- The advantages of asymmetric cryptography include its ability to securely exchange the public keys without compromising the security of the system.

Symmetric Key Cryptography | Asymmetric Key Cryptography |
---|---|

There is only one key (symmetric key) is used, and the similar key can be used to encrypt and decrypt the message. | There are two different cryptographic keys (asymmetric keys), known as the public and the private keys, are used for encryption and decryption. |

It is effective as this technique is recommended for high amounts of text. | It is inefficient as this approach is used only for short messages. |

Symmetric encryption is generally used to transmit bulk information. | It is generally used in smaller transactions. It is used for making a secure connection channel before transferring the actual information. |

Symmetric key cryptography is also known as secret-key cryptography or private key cryptography. | Asymmetric key cryptography is also known as public-key cryptography or a conventional cryptographic system. |

Symmetric key cryptography uses fewer resources as compared to asymmetric key cryptography. | Asymmetric key cryptography uses more resources as compared to symmetric key cryptography. |

The length of the keys used is frequently 128 or 256 bits, based on the security need. | The length of the keys is much higher, such as the recommended RSA key size is 2048 bits or higher. |

**Also Read: Introduction to Block Chain**

#### Que 2. Explain difference between Stream Ciphers and Block Ciphers.

**Stream Cipher**

- A stream cipher is an encryption method that combines a pseudorandom cipher digit stream with plain text digits.
- This pseudorandom encryption digit stream is applied one bit at a time to each binary digit.
- This encryption method employs an endless amount of pseudorandom cipher digits for each key.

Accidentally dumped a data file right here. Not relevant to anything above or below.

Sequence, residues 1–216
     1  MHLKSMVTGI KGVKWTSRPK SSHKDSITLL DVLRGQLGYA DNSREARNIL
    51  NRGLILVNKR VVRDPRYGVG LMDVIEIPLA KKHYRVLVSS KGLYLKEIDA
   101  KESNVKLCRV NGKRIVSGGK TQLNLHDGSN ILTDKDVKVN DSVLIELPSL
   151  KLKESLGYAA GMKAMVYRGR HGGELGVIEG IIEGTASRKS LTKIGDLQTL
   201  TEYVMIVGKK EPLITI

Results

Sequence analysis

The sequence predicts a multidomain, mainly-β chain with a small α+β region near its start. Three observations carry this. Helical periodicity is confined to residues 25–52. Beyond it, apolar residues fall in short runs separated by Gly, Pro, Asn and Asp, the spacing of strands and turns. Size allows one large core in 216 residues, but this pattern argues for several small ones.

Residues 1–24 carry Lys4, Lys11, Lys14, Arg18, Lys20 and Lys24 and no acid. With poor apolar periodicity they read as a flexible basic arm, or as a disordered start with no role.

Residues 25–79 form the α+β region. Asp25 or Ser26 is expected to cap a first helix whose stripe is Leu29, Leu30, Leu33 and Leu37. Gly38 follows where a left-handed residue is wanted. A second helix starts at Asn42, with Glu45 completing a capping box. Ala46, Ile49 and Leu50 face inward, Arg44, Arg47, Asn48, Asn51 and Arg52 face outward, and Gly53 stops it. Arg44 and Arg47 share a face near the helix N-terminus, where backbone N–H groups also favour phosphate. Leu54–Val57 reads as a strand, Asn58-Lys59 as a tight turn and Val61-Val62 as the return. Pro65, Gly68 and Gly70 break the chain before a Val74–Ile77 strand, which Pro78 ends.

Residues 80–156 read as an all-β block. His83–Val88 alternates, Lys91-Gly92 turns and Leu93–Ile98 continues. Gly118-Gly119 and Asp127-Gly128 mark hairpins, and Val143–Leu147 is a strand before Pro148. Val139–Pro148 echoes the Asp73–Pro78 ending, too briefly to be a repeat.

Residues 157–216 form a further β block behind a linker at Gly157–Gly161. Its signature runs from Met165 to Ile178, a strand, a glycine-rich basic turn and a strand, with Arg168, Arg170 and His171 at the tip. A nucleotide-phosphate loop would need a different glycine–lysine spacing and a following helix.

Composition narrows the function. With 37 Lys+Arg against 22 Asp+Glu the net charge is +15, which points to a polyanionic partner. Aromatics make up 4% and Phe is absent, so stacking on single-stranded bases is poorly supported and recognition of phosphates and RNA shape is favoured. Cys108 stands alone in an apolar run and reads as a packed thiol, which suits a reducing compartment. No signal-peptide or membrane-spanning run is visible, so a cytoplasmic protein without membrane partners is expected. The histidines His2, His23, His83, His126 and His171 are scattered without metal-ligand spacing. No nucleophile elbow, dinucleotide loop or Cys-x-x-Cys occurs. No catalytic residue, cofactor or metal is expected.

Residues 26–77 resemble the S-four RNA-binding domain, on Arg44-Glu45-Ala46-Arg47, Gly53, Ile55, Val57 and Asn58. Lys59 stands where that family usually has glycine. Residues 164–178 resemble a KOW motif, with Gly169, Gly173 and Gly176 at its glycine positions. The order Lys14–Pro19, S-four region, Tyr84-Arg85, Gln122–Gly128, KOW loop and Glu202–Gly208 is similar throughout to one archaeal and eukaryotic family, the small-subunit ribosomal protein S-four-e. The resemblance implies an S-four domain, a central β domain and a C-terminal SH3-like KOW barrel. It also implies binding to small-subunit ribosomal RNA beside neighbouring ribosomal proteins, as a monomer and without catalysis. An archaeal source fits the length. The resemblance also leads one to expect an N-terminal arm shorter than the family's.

- Stream ciphers encrypt data on a bit-by-bit or byte-by-byte basis, typically operating on a continuous stream of data.
- They generate a keystream, which is a sequence of random or pseudo-random bits or bytes, and then combine it with the plaintext using a bitwise XOR operation to produce the ciphertext.
- Stream ciphers are generally faster and more efficient for encrypting large amounts of data, especially in real-time applications like network communication or audio/video streaming.
- The RC4 stream cipher is widely used in the software

**Block Cipher**

- A block cipher is a symmetric cryptographic technique that uses a shared, secret key to encrypt a fixed-size data block.
- During encryption, plaintext is used, and ciphertext is the resultant encrypted text.
- The plaintext and ciphertext are both encrypted using the same key.

- Block ciphers encrypt data in fixed-size blocks, typically 64 or 128 bits in length. The input plaintext is divided into blocks, and each block is encrypted separately.
- They use a cryptographic key and a series of rounds of encryption operations, such as substitution, permutation, and XOR, to transform the plaintext block into a corresponding ciphertext block.
- Block ciphers are more suitable for securing stored data, like files or databases, as they operate on fixed-size chunks of data.